Parliament & Internet Conference In the Media
This year’s Parliament & Internet Conference soared to new heights, with 2 ministerial keynotes, over 200 industry professionals and nearly two dozen parliamentarians meeting to discuss some of the hottest topics at the intersection of government policy and the Internet.
The conference was covered widely in the media. Comments from Andy Smith (PSTSA Security Manager in the Cabinet Office) in the first plenary panel on cybersecurity, sponsored by Nominet, stoked substantial debate. His remarks on using false details on social networks to mitigate the risk of identity theft and fraud were controversial, and generated discussion across the world. His views were supported by Joanna Geary at the Guardian, but opposed on BBC News by Helen Goodman MP, who was one of the MPs present, and Simon Milner of Facebook, who himself sat on an afternoon panel on skills and innovation in IT. The discussion swirled across the globe, reaching most of the national press as well as India, Italy, the US and even Thailand (as well as being spoofed in Newsthump!).
This is a precisely why this conference works so well: industry members, civil servants and politicians get to hear each other’s views, and those of less-heard (but no less valid) organisations and individuals. The conference brought together a huge range of people; lawyers and campaigners got to debate the pros and cons of the defamation bill with Lord Lester (who is leading on it) and some of the UK’s biggest tech employers and internet companies were able to applaud and critique in equal measure the government’s broadband rollout strategy. Even the golden IT legacy of the Olympics was discussed.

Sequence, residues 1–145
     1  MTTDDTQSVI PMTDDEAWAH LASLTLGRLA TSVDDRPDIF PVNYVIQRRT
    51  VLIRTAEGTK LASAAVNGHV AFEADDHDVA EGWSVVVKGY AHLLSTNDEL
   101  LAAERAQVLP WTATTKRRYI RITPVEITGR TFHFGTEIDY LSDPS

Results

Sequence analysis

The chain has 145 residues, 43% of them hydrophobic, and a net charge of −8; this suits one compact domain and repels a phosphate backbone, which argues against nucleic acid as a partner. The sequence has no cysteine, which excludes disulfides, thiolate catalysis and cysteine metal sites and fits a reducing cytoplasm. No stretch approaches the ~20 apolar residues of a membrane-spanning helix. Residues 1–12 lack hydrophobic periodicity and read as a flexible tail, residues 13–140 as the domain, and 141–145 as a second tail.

The 2012 Conference was the most public and interactive to date. The dedicated hashtag #piconf12 meant people were debating online whilst in the room. Furthermore a dedicated livestream (sponsored by Livestream and operated by Dom Robinson of id3as) meant anyone could follow it live without being inside Parliament – and they were not shy about Tweeting their own opinions and adding to the lively debate.
Many thanks go to all who participated in generating the most outward-facing and exciting Parliament and Internet Conferences in recent memory.
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